Rush Hour

on September 18, 1998 by Simon O'Ryan
   Jackie Chan fans worldwide have been collectively holding their breath while the international superstar went Hollywood. Which Chan--death-defying stunt guy, balletic action star, over-the-top comedian, respected director--would surface in the States and how would he fare? Although many of Chan's international and Chinese efforts already hit here with dubbed dialogue and new soundtracks via New Line and Miramax, the results of those efforts have been hit-and-miss both financially and critically. Now, in his first "official" Hollywood movie since the excruciatingly bad 1985 film "The Protector," Jackie Chan plays preeminent Hong Kong Detective Lee, brought to the States when a Chinese diplomat's daughter is kidnapped. But the FBI wants no help from the likes of Chan and so, in order to keep him out of their hair, they team him with a ridiculously out-of-control LAPD detective (Chris Tucker doing his best Martin-Lawrence-meets-Eddie-Murphy-on-speed impression).
   Despite the hackneyed wacky double-team scenario, you can't keep a good Chan down (as the film's bad guys and impotent FBI also quickly learn). With "Rush Hour," Chan fans can breathe a sigh of relief and American audiences can finally enjoy a true-to-heart Jackie Chan film. Hats off to New Line for sticking with him and finding the right material and, most importantly, the right director.
   Those rabid with expertise on Chan's work can nit-pick this movie for its on-and-off faults--the story is lacking, the action misses here and there, he's too serious, Chris Tucker gets way too obnoxious, everything wraps up too easily, etc., etc., etc. But who cares? Most of the time, "Rush Hour" gets it right. Tucker maintains his manic energy without becoming too grating and, when he drops to a saner level, actually shares some nice moments with Chan. Chan, meanwhile, is in fine form--nimble, fun and reserved. It's the best acting he's done in a while, which makes it all the more exhilarating to watch him dance through the well-choreographed fight scenes. Despite the inordinate amount of cliches tossed about, the characters have heart, the film has energy and a relatively solid story comparatively. Director Brett Ratner finds just the right tone of serious story meets fun-filled action.    Starring Jackie Chan, Chris Tucker, Tom Wilkinson and Elizabeth Pena. Directed by Brett Ratner. Written by Jim Kouf, Ross LaManna and Jeff Nathanson. Produced by Roger Birnbaum, Arthur Sarkissian and Jonathan Glickman. A New Line release. Rated PG-13 for sequences of action/violence and shootings, and for language. Running time: 96 min.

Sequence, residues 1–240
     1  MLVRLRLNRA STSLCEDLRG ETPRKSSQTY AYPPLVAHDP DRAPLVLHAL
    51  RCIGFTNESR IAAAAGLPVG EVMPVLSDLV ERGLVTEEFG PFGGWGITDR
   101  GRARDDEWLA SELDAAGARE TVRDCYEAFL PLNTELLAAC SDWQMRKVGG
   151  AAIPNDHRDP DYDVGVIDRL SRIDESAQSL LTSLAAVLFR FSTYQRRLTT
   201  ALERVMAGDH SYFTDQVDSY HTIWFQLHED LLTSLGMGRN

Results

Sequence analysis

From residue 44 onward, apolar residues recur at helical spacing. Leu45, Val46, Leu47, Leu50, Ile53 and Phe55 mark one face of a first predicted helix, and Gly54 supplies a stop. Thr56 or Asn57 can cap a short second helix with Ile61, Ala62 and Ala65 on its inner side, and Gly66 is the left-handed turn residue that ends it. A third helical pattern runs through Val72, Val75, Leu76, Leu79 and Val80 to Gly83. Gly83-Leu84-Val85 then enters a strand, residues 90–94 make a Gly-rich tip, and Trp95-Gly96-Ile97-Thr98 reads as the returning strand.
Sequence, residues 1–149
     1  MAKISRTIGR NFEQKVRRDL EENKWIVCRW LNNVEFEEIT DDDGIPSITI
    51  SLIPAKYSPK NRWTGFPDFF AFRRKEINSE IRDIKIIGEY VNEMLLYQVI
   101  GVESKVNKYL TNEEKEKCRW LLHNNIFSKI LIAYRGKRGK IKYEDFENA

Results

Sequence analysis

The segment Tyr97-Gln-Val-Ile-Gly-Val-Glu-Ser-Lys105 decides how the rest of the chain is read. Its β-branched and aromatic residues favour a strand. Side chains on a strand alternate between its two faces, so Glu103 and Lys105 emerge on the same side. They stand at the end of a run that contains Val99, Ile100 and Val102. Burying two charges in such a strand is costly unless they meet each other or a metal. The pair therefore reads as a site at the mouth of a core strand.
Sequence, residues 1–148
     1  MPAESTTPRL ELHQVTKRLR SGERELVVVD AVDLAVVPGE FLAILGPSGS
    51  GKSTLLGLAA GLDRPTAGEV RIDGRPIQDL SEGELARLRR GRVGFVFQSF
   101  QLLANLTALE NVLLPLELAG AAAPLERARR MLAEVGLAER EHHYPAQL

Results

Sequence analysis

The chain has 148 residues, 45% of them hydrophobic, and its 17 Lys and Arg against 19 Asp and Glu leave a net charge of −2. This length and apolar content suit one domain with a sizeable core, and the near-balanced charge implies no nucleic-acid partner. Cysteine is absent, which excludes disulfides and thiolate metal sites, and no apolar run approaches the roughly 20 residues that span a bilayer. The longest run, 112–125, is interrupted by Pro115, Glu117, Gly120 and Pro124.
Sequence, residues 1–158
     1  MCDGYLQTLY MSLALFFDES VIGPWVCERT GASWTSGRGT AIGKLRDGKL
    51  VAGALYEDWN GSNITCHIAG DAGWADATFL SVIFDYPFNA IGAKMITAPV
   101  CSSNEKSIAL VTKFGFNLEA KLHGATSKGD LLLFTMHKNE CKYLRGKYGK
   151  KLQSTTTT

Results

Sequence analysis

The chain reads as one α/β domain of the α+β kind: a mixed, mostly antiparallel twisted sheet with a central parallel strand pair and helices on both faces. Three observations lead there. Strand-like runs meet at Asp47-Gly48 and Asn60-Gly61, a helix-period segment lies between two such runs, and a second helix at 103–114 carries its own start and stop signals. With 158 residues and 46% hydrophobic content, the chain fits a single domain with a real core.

Tags: Starring Jackie Chan, Chris Tucker, Tom Wilkinson, Elizabeth Pena. Directed by Brett Ratner. Written by Jim Kouf, Ross LaManna and Jeff Nathanson. Produced by Roger Birnbaum, Arthur Sarkissian, Jonathan Glickman, New Line, Action

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